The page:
06 Jun 2017

Apple remembers its professional heritage

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Like the return of a long-lost friend, Apple has come back in the best possible way for professionals.

We all do it. We make guesses about where Apple’s going next. We make pronouncements like “Apple’s a consumer goods company now. It’s not interested in professionals anymore."

The eccentric “trash can” Mac Pro did little to provide comfort to the still-loyal army of content creators for whom Apple is a way of life. As the years (and it was years) passed with absolutely no update for this expensive machine, many, often in desperation, changed platform to Linux or Windows. And some were happy with their choice. 

But, as I’ve always said, there’s something about a Mac. Yes, they’re expensive. No, they’re not expandable. But Apple is the world’s largest tech company for a reason, and that reason isn’t unconnected with style and quality. Creatives like to work with nice things. They appreciate design. And they especially appreciate solid, powerful functionality. 

And now, while we’ve all been speculating about the shape of the new Mac Pro, Apple has played an absolute blinder. They’ve not just updated the iMac (a machine that has always had a following from professionals as it has become increasingly suitable for Pro work) but they’ve catapulted it into another dimension.

Read our coverage about the new iMac Pro and everything else from WWDC 2017 here: Apple's new 18-core iMac Pro is the most powerful Mac ever built.

It’s a bit like the way some of those monstrous creations in the Mad Max films distantly resemble production cars. Except that with the iMac Pro, all of this exotic madness is inside the impossibly slim case. Outside - and this is a masterstroke - the entire system has been transformed into a functional but beautiful Space Grey. 

Make no mistake: this is an ideal machine for professionals. Sure, it's not expandable. Except that it is. Incredibly so. Thunderbolt 3 is PCIe on a very fast cable. There’s enough video bandwidth for 40 megapixel frames. Add that up and it’s more than 8K. The system comes by default with a 5K monitor. Changes to the Mac OS will make it easier to work with external GPUs. 

More important than the arrival of the iMac Pro itself is the certainty that Apple is back on track for professionals. This isn’t a token gesture. It’s a profound statement of intent.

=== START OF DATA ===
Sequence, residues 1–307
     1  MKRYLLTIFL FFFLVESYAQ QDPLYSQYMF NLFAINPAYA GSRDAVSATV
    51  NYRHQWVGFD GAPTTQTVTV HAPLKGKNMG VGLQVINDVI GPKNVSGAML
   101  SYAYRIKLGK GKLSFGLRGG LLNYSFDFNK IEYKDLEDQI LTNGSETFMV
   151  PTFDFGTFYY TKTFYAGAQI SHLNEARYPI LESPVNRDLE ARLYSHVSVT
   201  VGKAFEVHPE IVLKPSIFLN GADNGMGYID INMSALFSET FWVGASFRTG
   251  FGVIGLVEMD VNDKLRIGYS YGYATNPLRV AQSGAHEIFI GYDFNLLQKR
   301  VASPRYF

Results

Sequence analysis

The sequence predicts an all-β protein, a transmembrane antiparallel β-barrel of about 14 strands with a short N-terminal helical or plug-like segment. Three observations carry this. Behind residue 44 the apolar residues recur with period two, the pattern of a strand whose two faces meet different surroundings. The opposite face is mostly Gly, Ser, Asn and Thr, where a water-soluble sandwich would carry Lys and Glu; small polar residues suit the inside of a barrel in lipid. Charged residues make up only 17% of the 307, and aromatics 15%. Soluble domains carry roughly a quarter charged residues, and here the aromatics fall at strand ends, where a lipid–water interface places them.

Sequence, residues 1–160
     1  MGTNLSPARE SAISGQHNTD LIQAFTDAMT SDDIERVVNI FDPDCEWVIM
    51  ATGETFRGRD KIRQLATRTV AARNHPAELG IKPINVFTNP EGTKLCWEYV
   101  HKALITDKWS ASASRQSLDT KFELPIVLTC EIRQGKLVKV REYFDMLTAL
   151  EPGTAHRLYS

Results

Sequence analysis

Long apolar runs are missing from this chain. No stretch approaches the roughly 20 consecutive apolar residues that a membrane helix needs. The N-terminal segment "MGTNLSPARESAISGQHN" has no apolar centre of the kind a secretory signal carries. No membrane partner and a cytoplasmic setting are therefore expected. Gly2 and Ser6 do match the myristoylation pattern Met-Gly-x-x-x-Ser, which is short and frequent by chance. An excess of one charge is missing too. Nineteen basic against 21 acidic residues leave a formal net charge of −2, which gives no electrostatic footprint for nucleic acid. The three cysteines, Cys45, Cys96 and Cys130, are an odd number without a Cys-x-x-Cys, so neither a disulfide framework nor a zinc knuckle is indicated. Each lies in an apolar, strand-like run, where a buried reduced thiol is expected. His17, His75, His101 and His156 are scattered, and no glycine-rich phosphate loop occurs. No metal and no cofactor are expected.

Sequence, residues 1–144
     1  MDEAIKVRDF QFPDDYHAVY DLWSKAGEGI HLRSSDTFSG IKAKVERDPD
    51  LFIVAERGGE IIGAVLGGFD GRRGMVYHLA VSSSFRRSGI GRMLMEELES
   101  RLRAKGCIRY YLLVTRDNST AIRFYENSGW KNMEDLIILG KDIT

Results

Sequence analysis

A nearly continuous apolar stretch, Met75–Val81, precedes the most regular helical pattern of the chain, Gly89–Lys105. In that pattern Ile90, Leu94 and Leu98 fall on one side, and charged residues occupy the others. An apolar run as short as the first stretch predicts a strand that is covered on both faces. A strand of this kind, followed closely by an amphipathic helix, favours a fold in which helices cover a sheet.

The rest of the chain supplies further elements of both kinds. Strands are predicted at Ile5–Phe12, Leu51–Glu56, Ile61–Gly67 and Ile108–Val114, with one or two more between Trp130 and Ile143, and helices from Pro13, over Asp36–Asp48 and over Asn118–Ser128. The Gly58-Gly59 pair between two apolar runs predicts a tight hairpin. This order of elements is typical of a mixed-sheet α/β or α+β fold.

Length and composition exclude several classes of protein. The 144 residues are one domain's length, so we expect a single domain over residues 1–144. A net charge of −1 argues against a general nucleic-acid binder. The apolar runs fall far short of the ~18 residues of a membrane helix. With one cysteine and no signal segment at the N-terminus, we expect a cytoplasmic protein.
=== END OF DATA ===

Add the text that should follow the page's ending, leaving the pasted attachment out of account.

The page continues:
Maybe Apple has listened to the deafening chorus from professionals, all of them saying that Apple has abandoned them. They had good reason to think this. There’s been precious little from the Cupertino company to comfort professionals for the last four years, although there’s clearly been a lot of work done on Apple’s flagship professional apps, FCP X and Logic (their music creation app). 

I think it’s possible that Apple reached a crunch point a little while ago, when Microsoft launched their Surface Studio all-in-one system. This is a computer that is unashamedly expensive. It has a superlatively great screen and a cleverly engineered mechanism to take the screen from almost vertical to almost flat - making it ideal as a touch and pen device. But it’s not very powerful - not compared to the iMac Pro, that is. 

Apple has more than matched this in my view with a 5K screen and simply the most powerful PC components on the planet. It’s a perfect response to the Microsoft system and it’s going to make Mac users feel good again. 

Ultimately, I think Apple lost sight of the “halo effect” of being the default choice for creative professionals. This happened some time ago and the company has been adrift ever since then. It’s now realised that if you can keep aesthetically demanding power users happy, good things will follow.


David Shapton

David is the Editor In Chief of RedShark Publications. He's been a professional columnist and author since 1998, when he started writing for the European Music Technology magazine Sound on Sound. David has worked with professional digital audio and video for the last 25 years.

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